• EISs are too lengthy and technical for most people to read; provide plain-language, summary documents that are user-friendly. (Red dot)
REVIEW



Are agencies actively participating in reviewing documents?

Amount/quality of participation varies by agency. (Blue dot)
  • Comments are cursory, boiler plate.
  • Comments should represent agency’s agenda/expertise.
  • Some agencies make unreasonable requests for studies marginally related to project. (11: 3Red dot, 8Blue dot)
Yes, agencies are actively participating.
  • Agencies are active on relevant documents. (Red dot)
There is not enough time.
  • 30 days is too short. (2Green dot)
  • documents are lengthy.
  • There are many projects, we can’t get to them all; we have to prioritize.
Is the comment and response process working well?
“Comment bombing” is an issue. (9: 2Green dot, 7Blue dot)
  • Not every comment deserves an individual response. (19: 7Red dot, 1Green dot, 11Blue dot)
  • Comment bombing is an issue, but everyone deserves the right to comment. (2: 1Red dot, 1Blue dot)
  • Documents become too long when we have to reproduce every letter. (Blue dot)
Response to comments is sometimes inadequate. (8: 2Red dot, 6Green dot)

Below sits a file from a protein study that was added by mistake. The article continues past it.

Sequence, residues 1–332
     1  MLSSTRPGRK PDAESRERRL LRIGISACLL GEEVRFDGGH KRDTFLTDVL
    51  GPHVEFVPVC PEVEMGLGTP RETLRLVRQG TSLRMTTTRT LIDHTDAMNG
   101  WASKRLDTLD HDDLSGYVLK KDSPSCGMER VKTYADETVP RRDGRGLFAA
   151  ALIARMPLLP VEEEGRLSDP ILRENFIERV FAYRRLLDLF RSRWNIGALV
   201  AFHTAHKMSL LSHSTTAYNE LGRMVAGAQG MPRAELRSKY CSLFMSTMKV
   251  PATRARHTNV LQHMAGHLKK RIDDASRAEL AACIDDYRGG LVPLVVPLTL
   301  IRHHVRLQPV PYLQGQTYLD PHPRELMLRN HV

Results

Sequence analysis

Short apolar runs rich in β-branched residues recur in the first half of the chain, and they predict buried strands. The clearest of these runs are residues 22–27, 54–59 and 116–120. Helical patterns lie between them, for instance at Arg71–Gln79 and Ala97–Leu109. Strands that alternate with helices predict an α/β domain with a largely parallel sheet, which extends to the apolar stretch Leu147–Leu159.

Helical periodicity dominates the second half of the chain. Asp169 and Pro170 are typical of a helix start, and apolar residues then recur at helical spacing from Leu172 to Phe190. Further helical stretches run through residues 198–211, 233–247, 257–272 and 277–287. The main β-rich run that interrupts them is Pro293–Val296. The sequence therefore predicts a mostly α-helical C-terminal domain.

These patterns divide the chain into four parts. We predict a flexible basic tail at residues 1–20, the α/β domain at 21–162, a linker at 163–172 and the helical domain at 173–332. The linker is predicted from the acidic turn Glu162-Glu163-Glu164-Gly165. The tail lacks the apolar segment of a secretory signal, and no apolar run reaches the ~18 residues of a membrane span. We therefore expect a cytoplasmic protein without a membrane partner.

• There is no recourse if response to comments is inadequate and concerns are not addressed.
  • It is not adequate to respond to a comment by referring back to the document section.


Ways to improve the review process: (Green dot)

Improve quality of review:
  • Create incentives for review (for agencies, UH faculty).
  • A body of paid experts to conduct review. (2: 1Green dot, 1Blue dot)
  • An independent government agency to conduct review. (2: 1Red dot, 1Green dot)
More pre-consultation and scoping. (7: 2Red dot, 1Green dot, 4Blue dot)
  • Better quality documents would minimize need for review. (6: 2Red dot, 3Green dot, 1Blue dot)
More education about the process for the public and agency staff. (Green dot)

Lengthen the public review period or extend it if necessary, be lenient for public comment. (5Green dot)

Have a dedicated staff person in each agency; have a single point of contact. (4: 1Red dot, 3Green dot)

More guidance to determine adequacy of responses. (Green dot)

Do not require individual response to comments that do not warrant it. (5: 1Red dot, 4Blue dot)

Comments and Concerns:
  • The process doesn’t yield meaningful results. (2Green dot)
  • Comments are very technical and miss the big picture the community is concerned with.
  • Personal attacks and grievances are not about the impacts. (2Blue dot)
  • The governor’s office can help understaffed agencies.
SHELF LIFE



Should there be a shelf life for environmental review documents?